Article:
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The Apotheosis of Deacon J

by Chuck Von Nordheim


Through skeeter-cams I watch schoolgirls in ankle length dresses hop patterns in the afternoon sun on the shifting play grids I generate.

Deacon J, Deacon J,

Don’t you know crime don’t pay?

Committed sin one dark night,

Now your brain’s a traffic light.


I am man with a problem.” This one did not sweat or tremble as he stood before Kaufman; instead, a smirk creased the corners of his lips. He was sandwiched between a testosterone amped pair of Kaufman’s clones — one redhead, one blond. “A problem you can resolve to our mutual benefit.”

 “You’re here because you’re a cheat,” Kaufman said. “One who didn’t bother to make sure cards up his sleeve matched the deck in play.”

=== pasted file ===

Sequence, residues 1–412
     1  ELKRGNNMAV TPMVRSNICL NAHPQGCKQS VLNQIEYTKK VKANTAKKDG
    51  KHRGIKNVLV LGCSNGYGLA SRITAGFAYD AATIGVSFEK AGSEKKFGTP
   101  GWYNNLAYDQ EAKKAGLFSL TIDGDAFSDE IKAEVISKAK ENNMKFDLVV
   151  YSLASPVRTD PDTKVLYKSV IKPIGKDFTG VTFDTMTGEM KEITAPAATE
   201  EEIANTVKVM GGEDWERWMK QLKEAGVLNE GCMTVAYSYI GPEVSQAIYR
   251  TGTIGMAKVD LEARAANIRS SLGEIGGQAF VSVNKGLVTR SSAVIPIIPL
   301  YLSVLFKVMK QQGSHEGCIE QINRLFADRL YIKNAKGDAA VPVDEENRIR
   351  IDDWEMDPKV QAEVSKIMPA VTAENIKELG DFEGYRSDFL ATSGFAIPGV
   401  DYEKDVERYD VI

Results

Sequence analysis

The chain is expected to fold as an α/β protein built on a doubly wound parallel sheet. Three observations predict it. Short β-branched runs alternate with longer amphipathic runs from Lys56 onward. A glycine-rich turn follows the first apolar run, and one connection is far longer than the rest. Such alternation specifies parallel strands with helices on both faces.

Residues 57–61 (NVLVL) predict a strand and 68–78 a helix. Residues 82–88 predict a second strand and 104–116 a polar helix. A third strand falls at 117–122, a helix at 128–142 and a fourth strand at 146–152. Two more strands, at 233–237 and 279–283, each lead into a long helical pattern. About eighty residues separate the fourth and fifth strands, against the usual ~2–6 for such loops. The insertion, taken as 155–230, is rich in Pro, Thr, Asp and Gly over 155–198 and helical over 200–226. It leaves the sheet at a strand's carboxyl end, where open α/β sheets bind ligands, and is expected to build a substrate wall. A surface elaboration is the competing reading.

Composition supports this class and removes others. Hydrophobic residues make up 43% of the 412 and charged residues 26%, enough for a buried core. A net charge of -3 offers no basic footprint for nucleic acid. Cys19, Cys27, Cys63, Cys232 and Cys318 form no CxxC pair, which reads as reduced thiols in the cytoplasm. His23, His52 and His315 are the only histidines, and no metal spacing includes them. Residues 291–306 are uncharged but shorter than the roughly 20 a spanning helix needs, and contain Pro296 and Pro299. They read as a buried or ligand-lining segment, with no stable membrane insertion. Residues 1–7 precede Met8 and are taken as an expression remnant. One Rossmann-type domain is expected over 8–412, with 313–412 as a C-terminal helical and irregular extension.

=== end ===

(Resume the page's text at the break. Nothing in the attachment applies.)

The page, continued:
The cross-shaped tie tack scanned as 100% Iridium. The manner said old money. A tobacco baron or orange prince, Kaufman thought, a district elder in charge of snakes and banjos.

“To get your attention,” the card cheat said. “Your secretary refused me an appointment and your attorney wouldn’t talk to me.”

Kaufman raised a pinkie. Big Red guided the cheat’s sinewy wrist toward a desktop concavity; the grip tightened and a data-bead dropped. The Confederacy’s elect avoided taking the Number of the Beast this way — by encoding data on a bead versus an embedded chip. Betwixt such niceties, Kaufman thought, heaven and hell are balanced: sprinkling or immersion, Patriarch or Pope, clone download or one body.